Between 2018 and 2019 more than 75% of the countries in the Americas will have had national, legislative or primary elections. It is essential for the participation of the voters to have a genuinely democratic process. In the same way, it is critical to have informed voters. Otherwise, the democratic process would be a mere formality.

To explore this very important connection in a democracy, we have talked with one of the most prominent non-profit organizations in the work of reporting in a neutral and objective manner the positions of each candidate; but not only that, also to follow up and see if those political positions have been constant or if they have changed or evolved.

Pocho Salcedo internationalist (Twitter @pochosalcedo)

Oswego’s Lizette Alvarado named SUNY Hispanic Leadership Institute fellow

by SUNY Oswego Office of Communications and Marketing

Lizette Alvarado of SUNY Oswego is one of 14 leaders from across the state recently named to the second-ever class of fellows at SUNY’s Hispanic Leadership Institute by New York Gov. Andrew Cuomo.

Associate director of Oswego’s Office of International Education and Programs, Alvarado was one of 14 SUNY leaders announced in January as part of the 2019 class for the institute, which is charged with developing and supporting the next generation of executive-level Hispanic/LatinX leaders across the SUNY system.

Lizette Alvarado.
SUNY Oswego

“We do have a shortage of Latinos in leadership positions,” said Alvarado, who came to SUNY Oswego in 2001 as a study-abroad program coordinator. “I’m very humbled by this leadership development opportunity and eager to represent the interests of Latino leaders throughout SUNY, as well as the college.”

Alvarado already has begun working with the Hispanic Leadership Institute (HLI) and the other fellows. Meetings at SUNY’s SAIL (Strategic, Academic and Innovative Leadership) retreat in the Carey Institute in Rensselaer recently kicked off an intensive six-month experience of in-person and independent learning activities designed to support the fellows’ leadership growth.

“New York is strongest when we celebrate our diversity, and with programs like the Hispanic Leadership Institute, we can support some of the most dedicated leaders across the SUNY system,” Governor Cuomo said. “Congratulations to the incoming class of Fellows who will no doubt take the skills and knowledge they gain through this program to make a positive impact throughout the state.”

‘Prestigious, worthwhile’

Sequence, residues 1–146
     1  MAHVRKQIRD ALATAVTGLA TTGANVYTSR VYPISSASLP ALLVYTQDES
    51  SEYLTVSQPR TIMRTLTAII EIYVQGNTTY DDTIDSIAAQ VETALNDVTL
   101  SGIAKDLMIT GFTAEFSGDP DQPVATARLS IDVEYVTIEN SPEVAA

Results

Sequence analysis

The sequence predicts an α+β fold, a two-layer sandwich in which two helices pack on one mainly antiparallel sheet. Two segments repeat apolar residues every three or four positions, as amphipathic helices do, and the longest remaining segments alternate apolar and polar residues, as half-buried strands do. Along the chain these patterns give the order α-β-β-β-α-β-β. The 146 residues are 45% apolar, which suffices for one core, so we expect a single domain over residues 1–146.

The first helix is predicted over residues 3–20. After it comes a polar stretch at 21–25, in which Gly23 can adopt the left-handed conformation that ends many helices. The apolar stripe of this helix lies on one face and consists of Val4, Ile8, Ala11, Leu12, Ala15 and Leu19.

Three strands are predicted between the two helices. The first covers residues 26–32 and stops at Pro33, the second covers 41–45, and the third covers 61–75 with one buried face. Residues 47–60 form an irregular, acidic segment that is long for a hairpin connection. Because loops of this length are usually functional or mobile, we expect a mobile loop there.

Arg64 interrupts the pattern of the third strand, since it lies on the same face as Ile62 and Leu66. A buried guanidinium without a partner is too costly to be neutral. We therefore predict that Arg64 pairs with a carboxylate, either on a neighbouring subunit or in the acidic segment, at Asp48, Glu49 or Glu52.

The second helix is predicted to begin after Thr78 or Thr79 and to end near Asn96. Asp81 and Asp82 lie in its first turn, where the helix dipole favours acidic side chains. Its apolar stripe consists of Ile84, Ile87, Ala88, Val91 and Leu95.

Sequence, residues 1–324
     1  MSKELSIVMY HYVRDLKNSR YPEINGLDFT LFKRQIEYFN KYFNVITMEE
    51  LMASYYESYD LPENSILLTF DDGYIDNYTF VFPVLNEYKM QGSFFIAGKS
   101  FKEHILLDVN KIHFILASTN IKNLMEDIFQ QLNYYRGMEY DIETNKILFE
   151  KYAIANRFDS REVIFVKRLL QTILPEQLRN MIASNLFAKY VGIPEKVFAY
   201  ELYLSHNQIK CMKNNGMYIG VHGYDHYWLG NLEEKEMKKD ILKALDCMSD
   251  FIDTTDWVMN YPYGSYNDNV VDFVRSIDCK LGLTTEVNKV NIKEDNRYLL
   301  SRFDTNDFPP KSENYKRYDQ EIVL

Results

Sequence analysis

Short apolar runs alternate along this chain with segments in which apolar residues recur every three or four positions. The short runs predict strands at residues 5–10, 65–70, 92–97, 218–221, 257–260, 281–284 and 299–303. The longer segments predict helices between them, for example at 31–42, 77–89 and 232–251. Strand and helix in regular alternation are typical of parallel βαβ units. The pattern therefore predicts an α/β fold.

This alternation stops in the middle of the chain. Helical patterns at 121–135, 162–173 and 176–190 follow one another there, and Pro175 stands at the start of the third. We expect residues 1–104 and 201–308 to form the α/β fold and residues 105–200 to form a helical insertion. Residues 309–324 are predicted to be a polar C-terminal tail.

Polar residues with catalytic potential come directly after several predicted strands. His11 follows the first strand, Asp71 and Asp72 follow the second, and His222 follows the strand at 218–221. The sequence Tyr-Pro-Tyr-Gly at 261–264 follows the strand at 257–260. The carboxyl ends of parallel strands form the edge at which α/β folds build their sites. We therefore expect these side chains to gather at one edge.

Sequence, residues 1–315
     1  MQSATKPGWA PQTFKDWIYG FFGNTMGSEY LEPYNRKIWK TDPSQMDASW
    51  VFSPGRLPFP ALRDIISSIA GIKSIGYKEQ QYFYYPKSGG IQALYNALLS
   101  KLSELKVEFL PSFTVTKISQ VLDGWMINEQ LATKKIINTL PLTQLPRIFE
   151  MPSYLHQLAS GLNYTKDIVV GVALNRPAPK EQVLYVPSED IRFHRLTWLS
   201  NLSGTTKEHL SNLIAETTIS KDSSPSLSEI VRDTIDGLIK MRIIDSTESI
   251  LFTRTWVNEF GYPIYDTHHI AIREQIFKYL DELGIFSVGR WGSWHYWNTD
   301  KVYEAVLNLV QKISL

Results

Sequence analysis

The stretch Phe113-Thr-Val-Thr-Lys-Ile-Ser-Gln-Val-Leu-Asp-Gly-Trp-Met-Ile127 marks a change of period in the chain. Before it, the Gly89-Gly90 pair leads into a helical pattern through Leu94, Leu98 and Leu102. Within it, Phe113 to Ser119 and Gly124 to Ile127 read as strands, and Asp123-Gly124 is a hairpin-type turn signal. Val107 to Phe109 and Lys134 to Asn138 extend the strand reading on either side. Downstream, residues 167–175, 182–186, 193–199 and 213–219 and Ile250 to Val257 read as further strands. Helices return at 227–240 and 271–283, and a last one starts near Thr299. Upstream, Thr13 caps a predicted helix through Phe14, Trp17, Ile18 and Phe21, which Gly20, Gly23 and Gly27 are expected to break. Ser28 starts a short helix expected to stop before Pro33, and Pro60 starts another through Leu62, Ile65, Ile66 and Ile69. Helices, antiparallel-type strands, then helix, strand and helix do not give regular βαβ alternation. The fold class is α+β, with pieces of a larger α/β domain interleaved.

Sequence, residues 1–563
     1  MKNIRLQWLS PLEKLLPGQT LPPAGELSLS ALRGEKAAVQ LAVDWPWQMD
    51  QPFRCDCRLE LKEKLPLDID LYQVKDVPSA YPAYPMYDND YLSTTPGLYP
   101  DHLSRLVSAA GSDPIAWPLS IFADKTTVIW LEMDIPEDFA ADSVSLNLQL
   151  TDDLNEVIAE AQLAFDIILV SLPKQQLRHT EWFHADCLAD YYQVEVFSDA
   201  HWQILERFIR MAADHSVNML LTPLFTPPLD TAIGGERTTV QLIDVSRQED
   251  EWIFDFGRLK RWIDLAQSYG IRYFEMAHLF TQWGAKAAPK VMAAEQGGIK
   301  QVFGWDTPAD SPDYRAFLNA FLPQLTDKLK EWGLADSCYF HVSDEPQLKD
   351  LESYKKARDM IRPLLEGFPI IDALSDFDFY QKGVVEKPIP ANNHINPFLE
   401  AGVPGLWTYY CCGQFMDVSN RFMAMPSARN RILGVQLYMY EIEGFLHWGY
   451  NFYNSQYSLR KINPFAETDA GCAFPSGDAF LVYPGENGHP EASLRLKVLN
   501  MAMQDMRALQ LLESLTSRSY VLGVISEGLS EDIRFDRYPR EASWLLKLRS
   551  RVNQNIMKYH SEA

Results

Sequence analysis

That’s the goal for Alvarado and SUNY Oswego, said Joshua McKeown, associate provost for international education and programs.

“I nominated her for this prestigious and worthwhile program based on many years as her colleague and supervisor,” McKeown wrote in a letter of support for Alvarado’s fellowship. “Lizette is a hard-working and conscientious person. She believes in herself and the power of both education and study abroad. She has risen steadily over her career to the position of associate director in my department, and this opportunity is coming at an ideal time for her.”

McKeown noted Alvarado has not previously had the kind of leadership development experience that HLI provides, though she has demonstrated the capacity to lead for years, including developing the college’s much-honored “I, Too, Am Study Abroad” program and other efforts to diversify the study-travel population and their experiences.

“I would like for her to grow and develop professionally so as to help SUNY Oswego and our department, and also take that next step personally toward becoming an ever-stronger leader and colleague,” he wrote.

Though she has experience in administration and supervision, Alvarado said her initial encounter with the fellows showed that “this experience is more personal. You have to dig deeper to define who you are and where you want to go both personally and professionally.”

In her role at Oswego, Alvarado coordinates semester and summer programs in Ghana, Japan, Latin America, South America and Spain. She also provides leadership in the campus’ effort that provides opportunities for more than 400 students to participate in over 80 academic programs in 30 countries.

Success story

The daughter of migrant workers, Alvarado was born in the United States, but her parents returned to their native Puerto Rico before coming back to live in the Fulton area when she was 13. “I had no words in English,” said Alvarado. “An ESL (English as a second language teacher) helped us out. It took me a year to a year and half before I felt comfortable speaking.”

Alvarado went on to graduate from Oswego High School, SUNY Cortland and, with a master’s degree in cultural anthropology, from University at Buffalo.

The HLI offers six- and 12-month fellowships to SUNY Hispanic/LatinX faculty and staff in leadership positions throughout SUNY, including provosts, chief academic officers, chief business officers and others.

The fellows will attend a mid-term gathering in Albany this April and a closing retreat at SUNY’s Executive Leadership Academy in New York City in June. Additionally, they will attend group videoconferences to discuss articles and emerging issues, and undertake a scholarly/applied-learning project that supports their development as a leader in higher education.